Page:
Since 1734 when the first lighthouse was built in Cape Breton Island, Nova Scotia, lighthouses have become a significant part of Canadian history. Not only did they provide safe passage for ships arriving from Europe during the 19th century, but they also now provide us a breathtaking view of the beautiful Canadian coastlines. Canadian lighthouses are protected today for their historical significance. Still, they’ve evolved to include restaurants, gift shops, and museums, making them perfect for a day trip or overnight adventure.
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Peggy’s Cove, NS
Peggy’s Cove Lighthouse is one of the most well-known and photographed lighthouses in Canada. Built in 1915, Peggy’s Cove Lighthouse stands 49 ft tall and is located only an hour from Halifax. Visit one of the easy hiking trails that allows you to explore the surrounding area and its unique vegetation. Feel free to indulge in oceanside lobster feasts and onsite chartered boat tours. There is also a visitor centre, restaurant, and museum at the lighthouse. My personal favourite is taking time to browse the Peggy’s Cove souvenir shop, the perfect place to find all the best knick knacks in the community. It’s only a short distance from a charming fishing village filled with colourful wooden houses and artisan shops. A granite outcrop surrounds the lighthouse, but it should be explored cautiously due to rough waves and slippery conditions.
Cape Spear Lighthouse, Newfoundland
Built in 1836, Cape Spear Lighthouse is the oldest surviving lighthouse in Newfoundland and Labrador. Enjoy yourself with a warm cup of afternoon tea or step back in time and attend a historic workshop. Watch hundreds of migrating humpback whales during the annual Cape Spear Lighthouse Whale Festival or explore the ruins of the Second World War coastal defense battery. Just keep in mind that most activities are only available during Spring and Summer.
Fisgard Lighthouse, BC
Built by the British in 1860, Fisgard Lighthouse is located on what is now called Vancouver Island, British Columbia. Fisgard Lighthouse is surrounded with exciting historical sites to make your visit memorable, such as secret bunkers, military command posts, an artillery fortress, and oTENTik tents, where you can stay the night and camp in comfort.
Brandy Pot Island Lighthouse (Pot-à-l’Eau-de-Vie), Québec
The Brandy Pot Island Lighthouse, which stands 30ft tall, is located in Saint-André, Quebec. Having been decommissioned in 1964, it has since been restored into a cozy inn, just big enough for 3 quaint guest rooms. Sitting along the Atlantic coast, Brandy Pot Island is a part of the Estuary Islands National Wildlife Area, where protected nesting sites for migratory seabirds are located. So enjoy your stay and experience the history and scenic views first hand.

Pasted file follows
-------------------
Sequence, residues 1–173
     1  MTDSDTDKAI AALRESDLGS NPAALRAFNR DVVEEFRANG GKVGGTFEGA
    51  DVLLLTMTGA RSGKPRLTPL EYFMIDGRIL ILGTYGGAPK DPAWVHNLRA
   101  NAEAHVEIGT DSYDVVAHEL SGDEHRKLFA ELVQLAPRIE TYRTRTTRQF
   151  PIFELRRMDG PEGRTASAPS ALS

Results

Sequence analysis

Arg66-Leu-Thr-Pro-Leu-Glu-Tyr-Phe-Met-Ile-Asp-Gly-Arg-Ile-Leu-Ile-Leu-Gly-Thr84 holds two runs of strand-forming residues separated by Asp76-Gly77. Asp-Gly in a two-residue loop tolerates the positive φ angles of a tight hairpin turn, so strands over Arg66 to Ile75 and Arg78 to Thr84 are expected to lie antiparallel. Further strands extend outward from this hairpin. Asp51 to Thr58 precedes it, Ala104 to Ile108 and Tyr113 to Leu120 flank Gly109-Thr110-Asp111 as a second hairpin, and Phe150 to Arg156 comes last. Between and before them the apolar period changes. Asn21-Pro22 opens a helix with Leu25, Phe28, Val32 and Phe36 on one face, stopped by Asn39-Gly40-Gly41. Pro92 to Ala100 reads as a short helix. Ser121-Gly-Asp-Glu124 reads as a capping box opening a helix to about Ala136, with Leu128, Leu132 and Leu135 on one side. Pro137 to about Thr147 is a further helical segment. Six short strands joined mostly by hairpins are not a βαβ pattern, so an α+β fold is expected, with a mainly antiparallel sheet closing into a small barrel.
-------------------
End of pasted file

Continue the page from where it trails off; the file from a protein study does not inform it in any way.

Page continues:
Seacow Head Lighthouse, PEI
Built in 1864, the Seacow Head Lighthouse is located on beautiful Prince Edward Island. Situated above stunning ocean-carved red cliffs, the Seacow Head Lighthouse provides you a great view of the confederation bridge. It’s an excellent location for scenic photos.
Big Tub Lighthouse, Ontario
Originally built in 1885, the Big Tub Lighthouse guided ships through the dense Atlantic fog. Located in Tobermory Harbour, the Big Tub Lighthouse is a perfect vantage point for viewing scuba divers and snorkelers as they explore historic shipwrecks below. Check out the Bruce Peninsula National Park Visitor Centre, where you can learn about the area’s historical sites and take a ride on a glass boat tour of the ship’s wrecks just off the shore.
Pointe a la Renommee Lighthouse, PEI
Built in 1864, the Seacow Head Lighthouse is located on beautiful Prince Edward Island. Situated above stunning ocean-carved red cliffs, the Seacow Head Lighthouse provides you a great view of the confederation bridge. It is an excellent location for scenic photos.
Cap-des-Rosier Lighthouse is the tallest in Canada, standing at 112ft! Located in Gaspé, Quebec, at the edge of a steep cliff, it’s a sight to be seen. Enjoy a guided historical tour, have a picnic on the grounds, or take a photo of the stunning sunset. Keep in mind that tours are only available in the summer season.
Cape Bonavista Lighthouse, Newfoundland Labrador
Built in 1843, the Cape Bonavista Lighthouse is a few in Canada containing the same seal oil fuelled catoptric light apparatus once used in the 1800s. Learn about the life of the lighthouse keepers or watch for whales, icebergs, and puffins along the scenic Newfoundland coast.
Cape Jourimain Lighthouse, NB
Check out the Cape Jourimain Lighthouse while you can, as it is often on the move! Cape Jourimain Lighthouse has moved 3 times, in 1911, 1955, and even as recently as 2016. The Cape Jourimain Lighthouse is currently located in Botsford, New Brunswick. It’s part of the United States Lighthouse Society’s Passport program. This free program allows you to join other lighthouse enthusiasts and obtain unique stamps from different lighthouse locations and help preserve these historical sites.
Feature Image: @jayeffex